Q: iQue's advertising and promotions are too low-ley. Why doesn't the official website have forums or message boards? The games take too long to finish!! iQue should spend less time localizing games!
 A: According to national regulations, hosting forums or message boards require permits, which iQue is actively applying for. As for the localization work affecting progress, that is not an issue. Our teams are highly efficient, and localization or other development processes are not the bottleneck that inhibits the speed of new releases onto the market.

 Q: Will iQue unite with other game websites or magazines?
 A: If by unite you mean "collaboration", well, you are now in the iQue Guest Lounge hosted by LEVELUP right now. :) At the same time, the latest issue of UCG will publish the iQue Game Ranking, a list that will review the trend of authorized releases. If you can't wait for the magazine, you can also read it on our website at The debut also comes with a "Guess Ranking, Win Handheld" event, which is now in progress.

 Q: Does the iQue DS Lite have any new hidden features that we do not know of, aside from the Chinese games?
 A: All of iQue's authorized release consoles are adjusted and given new unique features according to the situation in China. All of the new generation consoles have internet capabilities, and the advantage of the authorized console over import models will be revealed after iQue rolls out unique online services.
 Spoilers: The iQue DS family did not come with unique internet features, and Nintendo WFC compatible games weren't released until the iQue DSi.


 Topic: Do you know how a game comes into existence? Do you want to know about the hardships behind development?

 Guest: MoMo, from iQue's Game Engineering Department. (Participated in projects: "Super Mario 64 DS", "The Legend of Zelda: Ocarina of Time", etc.)
 *After everyone has asked their questions, we will select the most valuable question for the guest to answer. Please pay close attention for the latest updates of the Guest Lounge!

 Records of the Guest Lounge, 2nd issue:

 Q: Why does a iQue Player launch package unit have errors with its internal clock, or plays normally but has crashing bugs during gameplay?
 A: These problems are caused by the normally-drained internal battery. Customers encountering these issues can get their batteries changed at our designated service centers. For other questions, please contact our customer service center. (0512-62883599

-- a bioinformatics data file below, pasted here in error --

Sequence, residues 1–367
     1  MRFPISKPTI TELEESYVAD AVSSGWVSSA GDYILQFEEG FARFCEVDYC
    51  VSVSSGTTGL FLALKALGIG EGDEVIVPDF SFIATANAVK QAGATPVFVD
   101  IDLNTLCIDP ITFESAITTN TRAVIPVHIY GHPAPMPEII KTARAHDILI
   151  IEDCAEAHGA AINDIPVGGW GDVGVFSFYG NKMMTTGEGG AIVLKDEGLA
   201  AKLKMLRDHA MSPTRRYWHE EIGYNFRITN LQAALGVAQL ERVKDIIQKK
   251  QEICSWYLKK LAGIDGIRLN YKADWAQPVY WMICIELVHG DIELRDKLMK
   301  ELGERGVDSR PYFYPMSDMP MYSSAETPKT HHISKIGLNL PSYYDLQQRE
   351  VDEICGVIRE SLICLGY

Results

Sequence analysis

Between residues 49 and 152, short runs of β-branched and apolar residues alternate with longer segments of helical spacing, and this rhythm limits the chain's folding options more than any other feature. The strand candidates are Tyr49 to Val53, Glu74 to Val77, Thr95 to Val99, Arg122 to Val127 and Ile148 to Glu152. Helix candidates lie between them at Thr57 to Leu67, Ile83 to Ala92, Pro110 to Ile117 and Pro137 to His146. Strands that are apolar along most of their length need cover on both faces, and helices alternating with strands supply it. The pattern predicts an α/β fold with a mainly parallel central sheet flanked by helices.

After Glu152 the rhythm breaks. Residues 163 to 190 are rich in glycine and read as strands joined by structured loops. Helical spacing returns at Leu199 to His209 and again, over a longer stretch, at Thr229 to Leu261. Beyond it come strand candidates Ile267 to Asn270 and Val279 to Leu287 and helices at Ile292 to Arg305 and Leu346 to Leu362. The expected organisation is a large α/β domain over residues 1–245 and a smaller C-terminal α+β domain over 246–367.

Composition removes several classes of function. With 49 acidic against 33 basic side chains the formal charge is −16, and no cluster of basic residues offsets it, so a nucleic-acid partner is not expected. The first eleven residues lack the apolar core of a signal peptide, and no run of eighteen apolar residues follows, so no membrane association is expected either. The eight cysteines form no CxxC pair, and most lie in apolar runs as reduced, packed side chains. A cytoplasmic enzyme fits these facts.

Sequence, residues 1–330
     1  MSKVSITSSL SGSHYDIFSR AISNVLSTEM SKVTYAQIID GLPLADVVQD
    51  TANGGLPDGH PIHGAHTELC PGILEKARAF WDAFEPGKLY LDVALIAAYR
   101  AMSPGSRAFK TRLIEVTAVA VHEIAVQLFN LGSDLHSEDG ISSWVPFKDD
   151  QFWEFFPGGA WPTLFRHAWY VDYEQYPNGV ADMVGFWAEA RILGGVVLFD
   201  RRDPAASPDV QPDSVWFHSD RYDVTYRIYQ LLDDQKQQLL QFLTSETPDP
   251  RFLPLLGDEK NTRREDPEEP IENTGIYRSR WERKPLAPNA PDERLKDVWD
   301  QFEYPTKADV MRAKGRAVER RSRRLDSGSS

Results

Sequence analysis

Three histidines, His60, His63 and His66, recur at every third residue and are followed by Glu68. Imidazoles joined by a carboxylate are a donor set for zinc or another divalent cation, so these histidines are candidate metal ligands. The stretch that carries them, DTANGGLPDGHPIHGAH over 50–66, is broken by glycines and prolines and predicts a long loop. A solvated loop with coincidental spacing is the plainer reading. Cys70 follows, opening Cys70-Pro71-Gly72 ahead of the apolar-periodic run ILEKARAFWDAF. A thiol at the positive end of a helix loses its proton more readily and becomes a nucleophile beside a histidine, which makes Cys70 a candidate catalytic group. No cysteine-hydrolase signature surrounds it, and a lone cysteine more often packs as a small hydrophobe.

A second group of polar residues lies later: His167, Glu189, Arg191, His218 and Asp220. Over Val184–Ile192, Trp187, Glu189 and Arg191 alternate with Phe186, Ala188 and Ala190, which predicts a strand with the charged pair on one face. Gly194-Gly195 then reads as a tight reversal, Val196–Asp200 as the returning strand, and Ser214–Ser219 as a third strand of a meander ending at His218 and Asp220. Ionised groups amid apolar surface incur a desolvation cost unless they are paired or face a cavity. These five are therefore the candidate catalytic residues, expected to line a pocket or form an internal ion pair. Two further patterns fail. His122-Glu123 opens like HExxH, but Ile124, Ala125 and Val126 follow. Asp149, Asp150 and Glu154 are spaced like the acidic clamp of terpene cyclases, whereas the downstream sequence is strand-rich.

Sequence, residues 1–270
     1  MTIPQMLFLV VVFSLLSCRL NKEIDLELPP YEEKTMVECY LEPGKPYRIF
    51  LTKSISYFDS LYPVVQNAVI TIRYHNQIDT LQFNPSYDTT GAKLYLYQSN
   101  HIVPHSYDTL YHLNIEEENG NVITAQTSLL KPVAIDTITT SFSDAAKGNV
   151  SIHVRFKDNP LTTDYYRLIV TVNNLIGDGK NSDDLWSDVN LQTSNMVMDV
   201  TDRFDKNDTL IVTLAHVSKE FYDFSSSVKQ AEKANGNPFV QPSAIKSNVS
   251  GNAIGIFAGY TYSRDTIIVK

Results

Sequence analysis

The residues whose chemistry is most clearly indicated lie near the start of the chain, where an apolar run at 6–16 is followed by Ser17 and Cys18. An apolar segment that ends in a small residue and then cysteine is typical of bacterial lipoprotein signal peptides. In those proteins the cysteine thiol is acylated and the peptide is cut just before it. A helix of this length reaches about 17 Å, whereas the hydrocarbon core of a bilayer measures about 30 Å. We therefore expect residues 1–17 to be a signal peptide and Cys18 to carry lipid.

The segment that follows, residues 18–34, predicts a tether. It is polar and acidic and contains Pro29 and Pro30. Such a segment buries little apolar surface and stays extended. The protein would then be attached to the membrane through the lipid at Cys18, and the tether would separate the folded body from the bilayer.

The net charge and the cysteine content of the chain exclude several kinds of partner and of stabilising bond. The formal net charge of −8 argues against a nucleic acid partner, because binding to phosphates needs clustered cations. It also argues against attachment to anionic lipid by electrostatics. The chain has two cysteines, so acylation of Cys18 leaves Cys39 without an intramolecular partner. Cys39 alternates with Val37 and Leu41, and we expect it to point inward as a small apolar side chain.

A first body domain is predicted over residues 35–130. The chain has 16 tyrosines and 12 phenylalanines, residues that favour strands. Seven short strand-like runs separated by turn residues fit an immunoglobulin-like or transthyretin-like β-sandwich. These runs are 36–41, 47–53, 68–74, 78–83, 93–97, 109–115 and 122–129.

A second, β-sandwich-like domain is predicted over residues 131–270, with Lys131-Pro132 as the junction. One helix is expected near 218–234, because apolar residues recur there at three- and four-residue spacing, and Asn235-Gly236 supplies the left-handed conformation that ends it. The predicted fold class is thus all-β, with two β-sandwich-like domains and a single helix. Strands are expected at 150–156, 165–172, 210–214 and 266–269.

P.S.: During our discussion, we found that a lot of gamers went through a bit of a detour because they did not contact our customer center first. It is a good habit to contact the official customer support as users of authorized products.

 Q: Was The Legend of Zelda: Ocarina of Time (OOT) localized based on the Japanese version, the American version, or an integration of both? Why could I find details different from the American version but identical to the Japanese version when I compared the iQue version to the American version, but also found details different from the Japanese version but identical to the American version when I compared it to the Japanese version?
 A: Wow, we have a really attentive gamer here. :) The earliest version of The Legend of Zelda: Ocarina of Time in this world is the Japanese version. Commonly, the industry considers the Japanese version as the original work, and the American version is translated from the Japanese version. If you have carefully played the American version, you would find that the understanding of some details have deviated from the original setting due to cultural differences, and the Japanese version, which was released earlier, had some regrets that were left unfixed. Therefore, when we were making the iQue version of The Legend of Zelda: Ocarina of Time, the original producer had specially put forward issues that were unresolved in the American and Japanese versions, and asked us to make the Chinese version the most perfect version of The Legend of Zelda: Ocarina of Time, by integrating the advantages of both the American and Japanese versions. Of course, we were able to accomplish that goal in the end.

 Q: Everybody knows that the greatest difficulty in fan-translating a video game is hacking the game itself. Actually, I'd like to ask: What is the greatest technical difference between official and fan translations?